HHS Student Council Tells School Committee Early College Diverts Some from AP, Needs Overhaul

Haverhill High School gymnasium. (WHAV News file photograph.)

Members of the Haverhill High School Student Council say the school’s Early College program with Northern Essex Community College is causing scheduling problems and fewer of the students who would benefit the most are enrolling.

The students made their case about the program, through which students take college courses, during a recent Haverhill School Committee meeting. They received backing from Haverhill School Superintendent Margaret Marotta, who said the administration began noticing similar issues just as the student council approached them.

“There have been some growing pains,” she said, during the past two to three years as enrollment increased from 100 to 240 students.

College Director of Public Relations Melissa L. Bouse wrote in an email to WHAV “this growth has meant we can help more Haverhill students save time and money by starting early on their college degrees and build an earlier connection to NECC.”

The college recently completed a $1 million endowment fund to pay for Early College students’ degrees if they wish to complete their associate’s there, according to Northern Essex President Lane A. Glenn. He added, “we will continue to work with HPS staff to make adjustments to the program as appropriate.”

School Committee member Paul A. Magliocchetti said he was there when the program first began.

“It was to capture these students that didn’t believe they could go to college, to give them the experience so they could have the confidence to take that next step,” he said at the School Committee meeting. “They had the potential. They just weren’t realizing it.”

Since then, according to Student Council President Melanie Palascio, high-achieving students have flooded in.

“The biggest thing for us is equity. The Early College program was created to [provide] an opportunity for students who didn’t have the resources, were first generation, usually of underserved communities,” she said. “And we’ve seen a large shift within this, in Early College. All of those kids who the program was originally intended for aren’t always getting the opportunity to participate.”

The goals of the program have remained the same, Bouse told WHAV. They are “saving students time and money, giving them an early introduction to college life and connection to NECC programs of study, and helping them to start investing in their future. Students emerge with confidence, study habits, and skills that lead to gains in college matriculation and persistence.”

Which students choose to enroll partly has to do with how the program is presented, according to Palascio. Students assume credits earned at the college apply at whichever school they attend, which is not the case at Ivy League universities, where Palascio said some honors students in Early College hope to go.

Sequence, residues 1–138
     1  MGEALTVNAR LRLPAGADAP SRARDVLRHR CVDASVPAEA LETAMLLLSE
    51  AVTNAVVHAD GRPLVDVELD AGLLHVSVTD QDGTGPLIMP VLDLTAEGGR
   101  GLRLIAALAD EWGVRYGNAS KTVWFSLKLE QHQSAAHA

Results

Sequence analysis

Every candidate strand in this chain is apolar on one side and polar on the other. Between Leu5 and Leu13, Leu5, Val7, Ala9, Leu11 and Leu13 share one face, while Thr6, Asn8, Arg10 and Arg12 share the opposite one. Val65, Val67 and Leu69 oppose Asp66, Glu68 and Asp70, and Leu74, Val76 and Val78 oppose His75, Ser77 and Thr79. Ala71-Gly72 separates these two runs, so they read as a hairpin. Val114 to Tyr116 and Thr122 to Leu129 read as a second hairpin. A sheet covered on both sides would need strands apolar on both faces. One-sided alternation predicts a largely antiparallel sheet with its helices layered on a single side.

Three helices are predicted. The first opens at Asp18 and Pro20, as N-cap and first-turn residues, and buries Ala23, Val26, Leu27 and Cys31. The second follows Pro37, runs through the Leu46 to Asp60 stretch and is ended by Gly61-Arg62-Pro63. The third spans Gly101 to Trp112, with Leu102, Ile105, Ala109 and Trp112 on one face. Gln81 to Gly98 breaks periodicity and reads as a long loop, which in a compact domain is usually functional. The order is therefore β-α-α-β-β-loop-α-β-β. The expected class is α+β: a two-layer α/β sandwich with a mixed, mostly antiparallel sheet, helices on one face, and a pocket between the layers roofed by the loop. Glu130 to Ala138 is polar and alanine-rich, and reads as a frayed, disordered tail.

Moreover, she said one semester of an Early College class counts as a full year course at Haverhill High, drawing students away from the AP system at the school. Magliocchetti offered not having to take a difficult AP test at the end of the year as another explanation.

School Committee member Yonnie Collins, who attended Haverhill High, said Early College “was advertised as an easy way to boost your GPA.”

The college has not been marketing the program differently in recent years, according to Bouse. She attributes growth to a statewide trend of students and families thinking more about college affordability. Magliocchetti also pointed to the promise of paying for fewer college credits as another reason students join Early College.

With so many high-achieving students going to the college from noon to 2:05 p.m., AP class sizes between morning and afternoon periods have become unbalanced.

“So at the beginning of the day, there would be an AP lit class, Mr. Cougar’s class, that would have almost 30 kids,” Student Council Policy Head Nick King said. “There would be both AP and Early College kids. And at the end of the day, I was in the last period AP lit class, and there was six kids, which diminishes the experience you get in an AP class, which should be inclusive and a full conversation, especially in an English course.”

At the same time, Palascio said fewer students in general have been taking AP classes, leading to classes like AP Chemistry and AP Art History being canceled due to low enrollment.

School Committee member Jill Story said her son’s schedule attests to the student council’s presentation, with his morning APs having around 30 students and one afternoon class with nine. She said, “30 is too many, nine is not enough.”

She added she does not think introductory college courses should necessarily substitute for high school classes.

“As someone who has taught both AP and introductory college classes, it’s apples to oranges,” she said. “So we’re equating these, but there’s no basis for comparison.”

Palascio asked the School Committee to send two members to join a new committee at Haverhill High where administrators, students and representatives from the college will discuss changes to the program. The first meeting is planned for Jan. 30 at 2:15 p.m.

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